In the previous example, smaller numbers were used to make it easier to grasp. With a public health care option, your insurance pool will see a drastic increase in size. Let us say you are, like me (yes, I am insured), a member of Highmark Blue Cross Blue Shield of Pennsylvania. Their website lists membership in their health care programs is 4.6 million (“Corporate Profile”). Now with a national health care system your membership would jump to around 308 million. I do not have any numbers to relate what this could do for your potential decrease in your individual pay requirement, but I am going go out on a limb and say that it is probably going to go down when your risk pool is about 67 times larger. You are probably thinking that not all of those 308 million will be paying members, and you are right. Subsidies withstanding, even if only a fifth of those pay into the plan, that would still leave your group at a contributing 61.6 million members. So in our return to insurance fundamentals, which by our previously established definition is basically risk management, a national health care system should be supported for its ability to greatly distribute risk and reduce your individual premium.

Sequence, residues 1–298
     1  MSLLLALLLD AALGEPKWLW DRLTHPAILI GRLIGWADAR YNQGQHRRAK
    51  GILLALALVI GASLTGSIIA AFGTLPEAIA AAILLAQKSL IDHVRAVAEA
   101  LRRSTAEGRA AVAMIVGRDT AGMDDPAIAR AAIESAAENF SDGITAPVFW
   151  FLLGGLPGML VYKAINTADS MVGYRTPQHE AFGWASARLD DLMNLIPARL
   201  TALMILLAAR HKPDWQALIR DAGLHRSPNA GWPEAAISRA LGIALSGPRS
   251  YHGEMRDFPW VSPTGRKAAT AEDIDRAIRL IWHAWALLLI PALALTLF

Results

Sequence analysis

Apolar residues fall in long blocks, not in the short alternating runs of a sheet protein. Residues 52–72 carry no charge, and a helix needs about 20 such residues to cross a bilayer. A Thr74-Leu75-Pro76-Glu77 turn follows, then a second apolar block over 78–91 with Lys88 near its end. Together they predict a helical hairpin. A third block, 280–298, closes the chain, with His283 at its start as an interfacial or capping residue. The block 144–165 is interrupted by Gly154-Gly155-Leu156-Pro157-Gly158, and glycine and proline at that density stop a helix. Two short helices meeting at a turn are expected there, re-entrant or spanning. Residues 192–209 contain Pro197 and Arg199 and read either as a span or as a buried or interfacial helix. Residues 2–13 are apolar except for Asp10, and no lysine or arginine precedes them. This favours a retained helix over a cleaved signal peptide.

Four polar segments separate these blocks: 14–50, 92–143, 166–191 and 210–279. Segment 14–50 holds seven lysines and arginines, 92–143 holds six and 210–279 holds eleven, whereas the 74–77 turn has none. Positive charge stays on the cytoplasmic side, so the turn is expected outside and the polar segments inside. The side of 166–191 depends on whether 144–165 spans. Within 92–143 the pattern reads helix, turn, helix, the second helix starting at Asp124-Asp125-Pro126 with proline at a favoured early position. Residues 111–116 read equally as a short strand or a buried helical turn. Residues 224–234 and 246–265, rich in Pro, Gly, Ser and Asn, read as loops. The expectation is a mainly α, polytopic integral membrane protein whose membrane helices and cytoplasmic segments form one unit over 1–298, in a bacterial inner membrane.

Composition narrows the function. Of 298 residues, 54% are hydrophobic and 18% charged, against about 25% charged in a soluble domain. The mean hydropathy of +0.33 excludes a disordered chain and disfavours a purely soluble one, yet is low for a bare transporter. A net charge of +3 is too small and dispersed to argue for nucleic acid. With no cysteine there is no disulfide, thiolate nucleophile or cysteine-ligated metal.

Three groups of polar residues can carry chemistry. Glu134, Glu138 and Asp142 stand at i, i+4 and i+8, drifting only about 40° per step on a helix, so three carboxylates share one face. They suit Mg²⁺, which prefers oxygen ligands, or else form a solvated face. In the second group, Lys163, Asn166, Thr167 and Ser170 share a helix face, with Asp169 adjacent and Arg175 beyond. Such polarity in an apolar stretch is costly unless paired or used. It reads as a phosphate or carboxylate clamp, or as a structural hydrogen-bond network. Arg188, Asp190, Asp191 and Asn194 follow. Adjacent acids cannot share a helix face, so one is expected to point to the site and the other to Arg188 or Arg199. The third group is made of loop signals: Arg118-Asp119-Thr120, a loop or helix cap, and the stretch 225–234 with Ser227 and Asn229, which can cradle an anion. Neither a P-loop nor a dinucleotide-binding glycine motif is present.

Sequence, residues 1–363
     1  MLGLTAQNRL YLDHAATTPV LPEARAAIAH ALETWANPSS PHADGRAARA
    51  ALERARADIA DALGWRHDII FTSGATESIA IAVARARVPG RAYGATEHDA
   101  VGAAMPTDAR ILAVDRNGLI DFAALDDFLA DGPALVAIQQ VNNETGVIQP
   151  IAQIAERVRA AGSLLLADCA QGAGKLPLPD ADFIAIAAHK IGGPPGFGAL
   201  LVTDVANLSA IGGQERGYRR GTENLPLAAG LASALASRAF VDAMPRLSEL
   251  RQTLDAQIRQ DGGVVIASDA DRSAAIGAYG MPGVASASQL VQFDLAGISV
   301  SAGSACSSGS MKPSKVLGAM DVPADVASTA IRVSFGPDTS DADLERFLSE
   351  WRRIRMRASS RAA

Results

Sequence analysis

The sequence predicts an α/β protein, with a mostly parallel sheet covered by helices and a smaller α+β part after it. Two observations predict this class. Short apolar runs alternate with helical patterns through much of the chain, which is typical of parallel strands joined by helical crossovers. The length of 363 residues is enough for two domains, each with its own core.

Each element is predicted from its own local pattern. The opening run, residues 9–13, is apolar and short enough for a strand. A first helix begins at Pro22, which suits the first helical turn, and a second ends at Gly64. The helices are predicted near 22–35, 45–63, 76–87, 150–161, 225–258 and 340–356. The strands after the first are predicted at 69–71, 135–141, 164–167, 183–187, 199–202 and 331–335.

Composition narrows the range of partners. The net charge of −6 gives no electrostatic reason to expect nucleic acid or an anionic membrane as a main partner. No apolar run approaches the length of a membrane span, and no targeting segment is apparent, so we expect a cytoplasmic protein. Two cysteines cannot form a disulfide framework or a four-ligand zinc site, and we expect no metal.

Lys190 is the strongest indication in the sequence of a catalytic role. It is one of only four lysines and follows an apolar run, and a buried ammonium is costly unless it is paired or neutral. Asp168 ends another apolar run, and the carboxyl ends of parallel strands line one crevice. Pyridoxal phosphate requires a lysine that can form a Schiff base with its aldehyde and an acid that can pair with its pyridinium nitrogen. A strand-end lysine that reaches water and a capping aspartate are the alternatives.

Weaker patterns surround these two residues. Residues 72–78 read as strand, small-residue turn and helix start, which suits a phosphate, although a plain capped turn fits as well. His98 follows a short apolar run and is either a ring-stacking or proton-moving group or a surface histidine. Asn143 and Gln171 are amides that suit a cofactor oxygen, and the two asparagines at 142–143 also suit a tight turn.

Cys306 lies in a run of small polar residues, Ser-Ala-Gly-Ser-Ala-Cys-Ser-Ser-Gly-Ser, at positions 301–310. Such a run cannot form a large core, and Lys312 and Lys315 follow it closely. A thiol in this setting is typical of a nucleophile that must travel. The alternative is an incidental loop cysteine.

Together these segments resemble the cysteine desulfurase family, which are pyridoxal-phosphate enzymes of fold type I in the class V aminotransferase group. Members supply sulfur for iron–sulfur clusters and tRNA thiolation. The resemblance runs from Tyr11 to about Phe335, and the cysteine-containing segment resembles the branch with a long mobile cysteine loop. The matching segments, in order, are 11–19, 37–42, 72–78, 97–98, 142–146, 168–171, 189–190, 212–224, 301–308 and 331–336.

There you have it, my simple apolitical reasoning behind supporting public health, “it’s just science” of risk.